twilight zone

Scientist Spotlight – Dive into the Twilight Zone with Dr Adrian Martin

Dr Adrian Martin at sea

From its extraordinary creatures, to its crucial role in how the ocean takes up and stores carbon, the ocean’s Twilight Zone is a key research focus for scientists around the world.

Plankton stores more carbon as Earth’s climate warms, but storage beyond end of the century is uncertain

Surface phytoplankton captures carbon, stores it in cell walls, and transfers it to the ocean deep after the algae die. How might the seasons affect this process? Image: NOAA National Ocean Service/Wikimedia Commons, public domain.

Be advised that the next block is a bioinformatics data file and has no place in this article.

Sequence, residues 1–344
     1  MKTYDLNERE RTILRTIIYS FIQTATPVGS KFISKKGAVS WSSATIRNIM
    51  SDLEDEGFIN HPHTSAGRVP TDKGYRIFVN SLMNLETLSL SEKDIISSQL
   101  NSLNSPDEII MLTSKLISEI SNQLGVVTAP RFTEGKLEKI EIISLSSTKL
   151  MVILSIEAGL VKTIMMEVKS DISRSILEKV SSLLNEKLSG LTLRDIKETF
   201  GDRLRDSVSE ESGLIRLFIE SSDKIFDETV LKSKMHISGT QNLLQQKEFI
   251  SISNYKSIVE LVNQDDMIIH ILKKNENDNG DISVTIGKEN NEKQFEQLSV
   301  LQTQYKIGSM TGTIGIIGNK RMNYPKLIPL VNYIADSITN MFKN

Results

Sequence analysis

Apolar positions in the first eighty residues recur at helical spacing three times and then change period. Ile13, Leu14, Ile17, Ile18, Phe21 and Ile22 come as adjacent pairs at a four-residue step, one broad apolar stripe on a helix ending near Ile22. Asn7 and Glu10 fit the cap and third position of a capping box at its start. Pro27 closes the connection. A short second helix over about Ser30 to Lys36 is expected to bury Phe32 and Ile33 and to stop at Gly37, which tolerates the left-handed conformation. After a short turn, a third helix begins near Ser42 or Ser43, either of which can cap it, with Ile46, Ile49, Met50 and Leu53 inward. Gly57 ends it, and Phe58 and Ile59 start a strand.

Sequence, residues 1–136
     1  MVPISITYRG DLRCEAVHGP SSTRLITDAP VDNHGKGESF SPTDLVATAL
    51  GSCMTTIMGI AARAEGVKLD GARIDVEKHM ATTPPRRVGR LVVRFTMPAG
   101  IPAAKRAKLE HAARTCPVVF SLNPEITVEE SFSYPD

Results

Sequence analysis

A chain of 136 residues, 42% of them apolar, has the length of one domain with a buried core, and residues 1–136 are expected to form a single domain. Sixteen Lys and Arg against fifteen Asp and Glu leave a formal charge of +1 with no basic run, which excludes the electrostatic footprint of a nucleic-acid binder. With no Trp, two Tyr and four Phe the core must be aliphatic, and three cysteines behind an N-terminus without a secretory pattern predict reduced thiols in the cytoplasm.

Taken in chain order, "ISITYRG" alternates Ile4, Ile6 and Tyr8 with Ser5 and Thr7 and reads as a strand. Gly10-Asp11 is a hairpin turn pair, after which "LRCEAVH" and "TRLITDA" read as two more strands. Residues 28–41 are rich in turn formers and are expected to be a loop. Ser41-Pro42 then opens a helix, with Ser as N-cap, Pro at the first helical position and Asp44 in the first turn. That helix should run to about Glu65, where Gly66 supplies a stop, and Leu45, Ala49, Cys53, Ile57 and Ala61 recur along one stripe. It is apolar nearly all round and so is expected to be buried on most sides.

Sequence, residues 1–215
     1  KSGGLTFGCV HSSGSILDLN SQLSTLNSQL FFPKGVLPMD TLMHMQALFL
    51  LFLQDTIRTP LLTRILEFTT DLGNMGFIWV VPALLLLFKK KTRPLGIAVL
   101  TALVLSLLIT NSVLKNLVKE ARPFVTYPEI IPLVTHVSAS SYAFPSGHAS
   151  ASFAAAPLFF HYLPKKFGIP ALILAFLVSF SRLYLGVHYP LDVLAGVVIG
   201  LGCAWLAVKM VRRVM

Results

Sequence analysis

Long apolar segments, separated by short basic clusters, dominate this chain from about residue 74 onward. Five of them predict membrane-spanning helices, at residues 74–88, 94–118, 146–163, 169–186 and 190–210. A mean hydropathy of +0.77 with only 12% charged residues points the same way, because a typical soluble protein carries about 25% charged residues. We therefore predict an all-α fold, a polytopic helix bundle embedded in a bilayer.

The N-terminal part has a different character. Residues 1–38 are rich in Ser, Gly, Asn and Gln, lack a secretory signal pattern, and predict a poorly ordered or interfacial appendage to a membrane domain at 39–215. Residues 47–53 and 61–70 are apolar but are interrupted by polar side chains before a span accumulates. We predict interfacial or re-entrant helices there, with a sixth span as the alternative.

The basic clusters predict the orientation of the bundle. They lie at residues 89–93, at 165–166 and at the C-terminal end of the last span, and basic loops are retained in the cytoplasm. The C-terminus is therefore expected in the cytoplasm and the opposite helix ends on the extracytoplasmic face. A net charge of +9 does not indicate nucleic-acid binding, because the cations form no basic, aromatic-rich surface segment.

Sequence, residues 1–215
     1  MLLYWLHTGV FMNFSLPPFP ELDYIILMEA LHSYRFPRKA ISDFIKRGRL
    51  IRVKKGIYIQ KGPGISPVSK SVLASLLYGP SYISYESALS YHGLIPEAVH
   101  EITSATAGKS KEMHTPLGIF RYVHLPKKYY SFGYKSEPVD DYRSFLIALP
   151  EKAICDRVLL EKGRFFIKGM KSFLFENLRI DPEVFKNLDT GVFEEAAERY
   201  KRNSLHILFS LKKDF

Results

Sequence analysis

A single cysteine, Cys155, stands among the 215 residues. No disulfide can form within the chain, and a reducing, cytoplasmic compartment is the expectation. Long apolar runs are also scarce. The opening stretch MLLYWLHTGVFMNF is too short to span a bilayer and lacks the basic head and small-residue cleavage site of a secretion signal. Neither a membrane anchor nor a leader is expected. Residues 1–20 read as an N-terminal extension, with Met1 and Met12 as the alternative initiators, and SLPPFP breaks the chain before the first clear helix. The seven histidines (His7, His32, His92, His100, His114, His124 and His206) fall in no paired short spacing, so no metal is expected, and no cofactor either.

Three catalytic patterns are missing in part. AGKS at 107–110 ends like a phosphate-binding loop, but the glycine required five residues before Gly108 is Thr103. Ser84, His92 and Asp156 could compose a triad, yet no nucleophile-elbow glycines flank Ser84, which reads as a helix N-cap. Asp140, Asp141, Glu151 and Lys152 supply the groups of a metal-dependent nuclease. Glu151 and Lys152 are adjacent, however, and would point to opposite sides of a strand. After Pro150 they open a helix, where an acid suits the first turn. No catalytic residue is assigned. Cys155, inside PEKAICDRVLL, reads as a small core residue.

Researchers at the University of Bristol, the National Oceanography Centre (NOC) and other UK institutions predict that the amount of carbon stored by microscopic plankton will increase in the coming century.

The NOC leads on ground-breaking carbon capture research into the Twilight Zone

Various marine copepods may play an important role in the seasonality below the surface. Image: D. Mayor et al. (2020), doi:10.1002/bies.202000149

The National Oceanography Centre (NOC) has led a study to investigate gaps in knowledge of how ocean life helps store atmospheric carbon dioxide, otherwise known as the biological carbon pump.